Religious Focus

Religious Focus June 13, 2019

ReligiousReligious Legalism

Plenty of volley’s fly back and forth across the religious legalistic net. Debate rages on for who is right, and who is wrong according to their religious stance. People picket abortion clinics and gay pride parades to point the proverbial “sinner finger” at those they believe are doing wrong. I want to propose to you that this isn’t the good news that we should be sharing.

Religious Sin Police

The policing of sin abounds for those who believe they are following the bible’s moral code and represent “the right”. In Romans, some read, “There is therefore NOW, no condemnation”, without understanding what it means. The whole point of Jesus’ message, that was then passed on to his disciples, and eventually filtered down to us, is that we are no longer under the law, but under grace.

Religious Punishment

For those who are struggling with what that phrase, “no condemnation” means. There are those who believe that they are nonpunishable, as long as they follow the tenets of their religion, they remain in right standing with God. Yet they seem tempted to condemn those who do not. This is true for multiple religions, not just our lovely Christianity.

Religious Degrees?Religious 

Some, blatantly ignore their own behavior to focus on others, somehow quantifying that their “minor” sins are dismissed by God but people who are gay are somehow God’s major focus. How many people commit sin every day, but demand that others find a greater measure of comeuppance? We forget the verse, “All have sinned and fallen short of the glory of God”. No one is perfect, not one. How dare we judge another mans servant. Those who think they are right seem to be quick to judge another wrong.

The Religious, “Sin No More”.

We proclaim that Jesus is the only one who never sinned. In light of this, you would think that humanity would stop focusing so hard on what is sin and what isn’t. No one is right or wrong, we all make mistakes. Jesus said, “Go and sin no more”, but the fact that not one human being is capable of “not sinning anymore” has somehow escaped us. We embraced Jesus as a “savior from our sins” and then we want to fixate on something our faith tells us is a moot issue? How strange we humans are!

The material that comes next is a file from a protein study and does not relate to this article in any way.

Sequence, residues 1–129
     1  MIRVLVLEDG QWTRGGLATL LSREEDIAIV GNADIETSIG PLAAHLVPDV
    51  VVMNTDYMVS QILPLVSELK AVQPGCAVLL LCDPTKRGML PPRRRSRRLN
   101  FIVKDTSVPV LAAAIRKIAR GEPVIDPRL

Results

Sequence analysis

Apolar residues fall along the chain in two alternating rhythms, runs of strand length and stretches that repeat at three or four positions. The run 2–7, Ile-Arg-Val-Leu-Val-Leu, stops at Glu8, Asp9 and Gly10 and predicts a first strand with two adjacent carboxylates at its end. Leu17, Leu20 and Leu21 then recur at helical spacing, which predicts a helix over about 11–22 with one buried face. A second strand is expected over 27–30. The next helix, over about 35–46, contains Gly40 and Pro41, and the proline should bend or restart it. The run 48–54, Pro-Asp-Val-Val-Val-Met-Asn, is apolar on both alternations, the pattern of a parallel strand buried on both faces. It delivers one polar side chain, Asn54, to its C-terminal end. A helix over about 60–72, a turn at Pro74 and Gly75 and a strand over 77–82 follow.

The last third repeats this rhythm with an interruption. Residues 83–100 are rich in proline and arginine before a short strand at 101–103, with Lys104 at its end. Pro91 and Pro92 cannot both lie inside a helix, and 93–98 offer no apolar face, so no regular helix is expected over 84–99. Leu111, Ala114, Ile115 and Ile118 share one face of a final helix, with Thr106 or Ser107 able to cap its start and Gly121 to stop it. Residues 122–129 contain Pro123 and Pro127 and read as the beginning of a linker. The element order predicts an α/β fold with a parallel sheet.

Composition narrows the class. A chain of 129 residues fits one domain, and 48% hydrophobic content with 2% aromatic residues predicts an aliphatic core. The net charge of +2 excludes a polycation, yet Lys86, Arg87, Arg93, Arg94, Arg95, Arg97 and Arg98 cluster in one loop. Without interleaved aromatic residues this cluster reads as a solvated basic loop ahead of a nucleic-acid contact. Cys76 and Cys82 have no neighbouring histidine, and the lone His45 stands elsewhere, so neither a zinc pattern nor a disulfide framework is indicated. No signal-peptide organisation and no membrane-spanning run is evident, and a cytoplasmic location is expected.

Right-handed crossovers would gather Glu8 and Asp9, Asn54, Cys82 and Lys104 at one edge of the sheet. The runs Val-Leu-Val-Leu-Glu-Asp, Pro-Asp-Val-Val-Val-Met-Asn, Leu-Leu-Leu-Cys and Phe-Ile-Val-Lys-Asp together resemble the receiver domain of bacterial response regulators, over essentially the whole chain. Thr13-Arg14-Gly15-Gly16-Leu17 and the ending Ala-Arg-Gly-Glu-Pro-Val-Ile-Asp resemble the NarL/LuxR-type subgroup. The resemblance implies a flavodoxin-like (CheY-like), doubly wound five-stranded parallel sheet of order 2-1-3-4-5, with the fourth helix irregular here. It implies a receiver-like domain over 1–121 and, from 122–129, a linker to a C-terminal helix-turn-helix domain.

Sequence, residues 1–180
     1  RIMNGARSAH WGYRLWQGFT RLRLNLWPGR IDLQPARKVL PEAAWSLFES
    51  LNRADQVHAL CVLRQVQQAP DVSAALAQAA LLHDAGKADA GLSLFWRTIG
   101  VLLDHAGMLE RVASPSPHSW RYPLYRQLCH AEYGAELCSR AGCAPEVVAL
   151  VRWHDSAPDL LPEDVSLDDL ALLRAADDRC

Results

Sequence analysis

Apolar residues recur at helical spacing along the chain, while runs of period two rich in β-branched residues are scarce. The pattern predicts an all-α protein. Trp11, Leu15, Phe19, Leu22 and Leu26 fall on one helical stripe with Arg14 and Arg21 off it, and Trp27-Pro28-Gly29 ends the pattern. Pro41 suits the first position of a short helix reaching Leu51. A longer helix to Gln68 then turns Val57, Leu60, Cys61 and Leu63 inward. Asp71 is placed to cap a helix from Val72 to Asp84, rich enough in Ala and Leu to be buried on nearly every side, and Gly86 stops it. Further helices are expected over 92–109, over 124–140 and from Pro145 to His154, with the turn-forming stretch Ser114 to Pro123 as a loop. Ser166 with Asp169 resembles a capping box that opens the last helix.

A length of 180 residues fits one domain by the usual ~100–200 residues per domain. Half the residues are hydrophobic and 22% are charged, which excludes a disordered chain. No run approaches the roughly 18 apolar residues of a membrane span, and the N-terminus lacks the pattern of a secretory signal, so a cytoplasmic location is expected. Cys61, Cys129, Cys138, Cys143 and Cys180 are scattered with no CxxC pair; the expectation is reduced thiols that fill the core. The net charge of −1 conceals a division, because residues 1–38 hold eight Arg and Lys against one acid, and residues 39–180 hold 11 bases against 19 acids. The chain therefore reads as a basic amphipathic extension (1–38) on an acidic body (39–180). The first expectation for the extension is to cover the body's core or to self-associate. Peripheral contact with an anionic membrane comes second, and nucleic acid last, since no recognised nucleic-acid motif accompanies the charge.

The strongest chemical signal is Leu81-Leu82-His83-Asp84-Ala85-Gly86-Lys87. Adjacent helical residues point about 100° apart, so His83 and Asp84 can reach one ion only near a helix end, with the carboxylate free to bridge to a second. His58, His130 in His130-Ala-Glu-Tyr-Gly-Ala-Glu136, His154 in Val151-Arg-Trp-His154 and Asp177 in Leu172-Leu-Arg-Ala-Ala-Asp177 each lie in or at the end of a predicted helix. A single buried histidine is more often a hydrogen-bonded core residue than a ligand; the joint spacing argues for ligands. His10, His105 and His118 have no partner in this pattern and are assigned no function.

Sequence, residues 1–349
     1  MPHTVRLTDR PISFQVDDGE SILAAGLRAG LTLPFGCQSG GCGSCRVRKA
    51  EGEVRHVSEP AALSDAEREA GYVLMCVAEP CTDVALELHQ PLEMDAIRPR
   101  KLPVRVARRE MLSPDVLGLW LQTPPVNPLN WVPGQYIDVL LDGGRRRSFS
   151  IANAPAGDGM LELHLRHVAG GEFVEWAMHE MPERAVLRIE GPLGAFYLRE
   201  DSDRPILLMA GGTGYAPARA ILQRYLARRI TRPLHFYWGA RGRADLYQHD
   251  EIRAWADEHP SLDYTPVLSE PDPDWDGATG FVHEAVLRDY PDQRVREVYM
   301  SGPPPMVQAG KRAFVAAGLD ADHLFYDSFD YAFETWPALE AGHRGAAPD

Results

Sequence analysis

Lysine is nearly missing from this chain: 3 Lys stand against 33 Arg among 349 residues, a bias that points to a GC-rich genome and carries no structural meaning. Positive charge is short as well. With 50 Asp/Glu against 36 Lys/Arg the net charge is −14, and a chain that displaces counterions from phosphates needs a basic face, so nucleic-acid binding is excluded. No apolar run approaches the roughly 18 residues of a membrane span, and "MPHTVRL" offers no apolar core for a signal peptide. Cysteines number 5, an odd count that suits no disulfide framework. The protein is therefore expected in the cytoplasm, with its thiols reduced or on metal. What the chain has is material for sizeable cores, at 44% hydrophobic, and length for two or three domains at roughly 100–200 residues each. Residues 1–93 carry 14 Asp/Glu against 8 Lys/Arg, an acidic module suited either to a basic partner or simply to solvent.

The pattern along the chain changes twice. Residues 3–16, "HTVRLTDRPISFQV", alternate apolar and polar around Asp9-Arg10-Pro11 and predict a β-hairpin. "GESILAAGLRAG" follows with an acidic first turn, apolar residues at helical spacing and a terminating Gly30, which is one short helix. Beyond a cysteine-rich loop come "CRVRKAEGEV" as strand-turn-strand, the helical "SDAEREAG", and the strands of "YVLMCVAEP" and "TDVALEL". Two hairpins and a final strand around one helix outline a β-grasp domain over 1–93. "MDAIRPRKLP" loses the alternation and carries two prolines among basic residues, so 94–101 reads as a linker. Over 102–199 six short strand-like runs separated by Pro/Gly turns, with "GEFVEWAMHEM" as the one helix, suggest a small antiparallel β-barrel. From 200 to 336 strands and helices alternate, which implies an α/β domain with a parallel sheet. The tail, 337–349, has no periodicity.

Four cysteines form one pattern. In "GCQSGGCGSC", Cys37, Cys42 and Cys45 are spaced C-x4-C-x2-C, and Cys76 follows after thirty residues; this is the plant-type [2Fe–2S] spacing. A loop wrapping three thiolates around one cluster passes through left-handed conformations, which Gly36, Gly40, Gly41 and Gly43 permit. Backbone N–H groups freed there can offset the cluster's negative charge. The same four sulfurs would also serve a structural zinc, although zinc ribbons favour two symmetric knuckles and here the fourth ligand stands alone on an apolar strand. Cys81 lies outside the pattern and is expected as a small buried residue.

Religious, but for Grace.

When we do something wrong, humanity used to believe that this act separated us from God. When we believed in Jesus as our savior, we embraced the “good news” that Paul, along with the other disciples declared, “Neither height nor depth, nor anything else in all creation, will be able to separate us from the love of God”. That “anything else” is primarily for us, the subject of sin. Being “under grace” is the understanding that behavior should no longer scare us with the threat of losing our eternal consciousness.

The Religious Don’t See, “Sin is Law”.

ReligiousThose who lived “under law” in Old Testament times, believed that the acts they committed that did not please God incurred a debt that sacrifice restored. Law is penal, and we can look at local law enforcement to witness that when an act breaks the law, payment is expected. Under the law, once we have ticked all the command boxes, we can call ourselves, “righteousness by works”. Men and women who felt they were “obeying” God’s law, had a danger of becoming self-righteous. This was evident in the Jewish religious leadership. The temptation of pride strikes when we feel we are in good standing and “perfect”, even if that perfection is obtained through sacrifice. That’s where the church goer comes in.

The Religious Church and Sin

Today, the same works based righteousness is rampant in the church at large. Individuals who attend service regularly, pay tithes, or serve on the elder board, are doing things that they believe will please God. Seeing their sin as “cleansed by works/deeds”, some are quick to condemn those outside of the church. There has been a movement in the last twenty years to teach people about the power of grace. Yet, people continue to attend services with no understanding of the implication of grace. By doing things to make God happy, we turn our backs on grace.

Sin is Not Counted Against Us!